House Speaker Kevin McCarthy (R-Calif.) spoke to Rep. Matt Gaetz

House Speaker Kevin McCarthy (R-Calif.) spoke to Rep. Matt Gaetz (R-Fla.) in the House chamber on January 6, 2023 in Washington, D.C.

(Photo: Chip Somodevilla/Getty Images)

Giving Away the Game, Gaetz Says McCarthy 'Picked Up' Far-Right's Debt Ceiling Plan

One progressive critic said the GOP bill is "a reflection of just how totally controlled by the fringes of his caucus McCarthy is."

Far-right House Republicans are reportedly "thrilled" with the debt ceiling legislation that Speaker Kevin McCarthy unveiled earlier this week.

That's likely because, according to Rep. Matt Gaetz (R-Fla.), McCarthy (R-Calif.) simply "picked up the House Freedom Caucus plan and helped us convert it into legislative text."

"And it shows," replied the progressive watchdog group Accountable.US.

Gaetz, one of a number of far-right Republicans who led a revolt against McCarthy's speakership bid earlier this year, told reporters Thursday that "if you held this plan and the plan that the House Freedom Caucus laid out some weeks ago and held them up to a lamp, you would see a lot of alignment."

Titled the Limit, Save, Grow Act of 2023, the legislation would revert federal spending back to fiscal year 2022 levels and cap annual spending growth at 1% over the next decade—central demands of the hardline House Freedom Caucus members who threatened to deny McCarthy the speaker's gavel in January.

Last month, the House Freedom Caucus outlined a more detailed proposal that would claw back unspent coronavirus pandemic funds, repeal clean energy tax credits and other elements of the Inflation Reduction Act, block President Joe Biden's stalled effort to cancel up to $20,000 in student loan debt per borrower, and impose new work requirements on recipients of Medicaid and federal food assistance that could kick millions off the lifesaving programs.

The Limit, Save, Grow Act would do all of the above and more, a fact that helps explain the bill's largely positive reception among far-right Republicans—though some, such as former House Freedom Caucus chair Rep. Andy Biggs (R-Ariz.), want the bill to attack aid programs more aggressively.

As Semaforreported, Biggs "expressed openness to voting for the bill" but said he "wanted to see even stricter rules around food stamps."

"That's who is really in charge of the MAGA majority," the progressive advocacy group Indivisible said of the House Freedom Caucus.

Citing Gaetz's comment to reporters, Accountable.US argued the GOP's debt ceiling bill is "a MAGA wishlist, not a serious proposal."

If passed—an unlikely scenario given opposition from congressional Democrats and the Biden White House—the Republican bill would increase the debt limit by $1.5 trillion or suspend the ceiling until next March, setting up another high-stakes standoff in early 2024, a presidential election year.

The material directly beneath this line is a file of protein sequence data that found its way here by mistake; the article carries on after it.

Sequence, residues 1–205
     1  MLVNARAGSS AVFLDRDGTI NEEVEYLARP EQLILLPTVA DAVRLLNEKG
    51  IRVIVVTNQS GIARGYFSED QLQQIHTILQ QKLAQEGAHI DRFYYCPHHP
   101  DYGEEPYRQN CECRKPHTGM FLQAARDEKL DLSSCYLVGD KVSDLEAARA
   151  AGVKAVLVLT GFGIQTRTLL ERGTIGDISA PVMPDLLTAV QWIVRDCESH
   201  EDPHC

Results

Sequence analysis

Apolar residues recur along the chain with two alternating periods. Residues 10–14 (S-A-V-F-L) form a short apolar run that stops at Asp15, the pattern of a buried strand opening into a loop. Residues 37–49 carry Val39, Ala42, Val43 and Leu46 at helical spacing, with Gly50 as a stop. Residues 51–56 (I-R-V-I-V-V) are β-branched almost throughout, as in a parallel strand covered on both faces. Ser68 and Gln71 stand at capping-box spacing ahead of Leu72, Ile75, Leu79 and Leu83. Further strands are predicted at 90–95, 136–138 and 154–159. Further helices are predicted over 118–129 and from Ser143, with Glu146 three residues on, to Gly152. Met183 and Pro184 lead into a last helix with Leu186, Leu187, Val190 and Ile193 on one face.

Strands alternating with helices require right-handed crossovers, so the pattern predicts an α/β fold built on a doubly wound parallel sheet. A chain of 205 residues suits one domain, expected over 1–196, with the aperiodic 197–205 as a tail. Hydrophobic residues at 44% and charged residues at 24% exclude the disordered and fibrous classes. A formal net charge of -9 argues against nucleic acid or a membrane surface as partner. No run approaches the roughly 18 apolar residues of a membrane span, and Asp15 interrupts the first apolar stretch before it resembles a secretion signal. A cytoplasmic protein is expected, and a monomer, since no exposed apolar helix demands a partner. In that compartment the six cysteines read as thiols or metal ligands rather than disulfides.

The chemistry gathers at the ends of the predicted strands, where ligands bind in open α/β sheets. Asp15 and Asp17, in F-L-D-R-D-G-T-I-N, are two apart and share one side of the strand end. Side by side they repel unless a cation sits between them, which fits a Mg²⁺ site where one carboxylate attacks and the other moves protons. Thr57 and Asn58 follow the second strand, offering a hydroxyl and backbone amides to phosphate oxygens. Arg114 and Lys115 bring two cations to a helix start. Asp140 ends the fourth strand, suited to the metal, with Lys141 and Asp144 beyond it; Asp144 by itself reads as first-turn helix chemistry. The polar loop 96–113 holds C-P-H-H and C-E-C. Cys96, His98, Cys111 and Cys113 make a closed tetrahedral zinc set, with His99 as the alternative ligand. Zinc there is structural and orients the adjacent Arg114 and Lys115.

Congressional Democrats rejected the legislation as a nonstarter, pointing to the massive impact it would have on federal programs related to housing, education, healthcare, climate, and other critical areas.

Last month, the U.S. Department of Housing and Urban Development warned that roughly 640,000 families would lose rental assistance if its budget was reverted to fiscal year 2022 levels. The U.S. Department of Agriculture, meanwhile, estimated that 1.2 million people would lose access to the Special Supplemental Nutrition Program for Women, Infants, and Children (WIC) under the Republican proposal.

"These caps are cuts," Rep. Rosa DeLauro (D-Conn.), the top Democrat on the House Appropriations Committee, said in a statement on Wednesday. "They would ensure that resources for critical programs 10 years from now remain below the levels in effect today. That's 10 years of cuts for less than one year of preventing a default."

Analysts stressed that the cuts to social programs would be even steeper under the GOP plan if it exempts the bloated Pentagon from its austerity spree.

Republicans have two options to make their math work, according to Bobby Kogan, senior director of federal budget policy at the Center for American Progress.

Option one, Kogan noted, is "the entire discretionary budget is cut 28% by 2033 due to McCarthy's caps—including a 28% cut to defense and [Veterans Affairs] Medical Care." The second option is shielding the military budget and inflicting "a 58% cut to all else," leaving "most essential services destroyed."

"This is a ludicrous demand," Kogan argued. "McCarthy's position is that, unless both the president and Congress accede to his very specific and extreme demands, he will force the government to illegally default on its statutory obligations—such as payments to disabled veterans and [Social Security] recipients."

Ezra Levin, co-executive director of Indivisible, said the House GOP leadership's proposal is "a reflection of just how totally controlled by the fringes of his caucus McCarthy is."

"It's just as bad as we expected," said Levin. "Literally take food off the table of millions of families just trying to get by? Help the ultra-wealthy and big corporations get away with cheating on their taxes? Strip away healthcare from children, veterans, and seniors? Saddle millions with crushing student debt? Pull the plug on new clean energy jobs? That's your big pitch to the American people?"

"It'd be funny if it wasn't so serious," Levin added.

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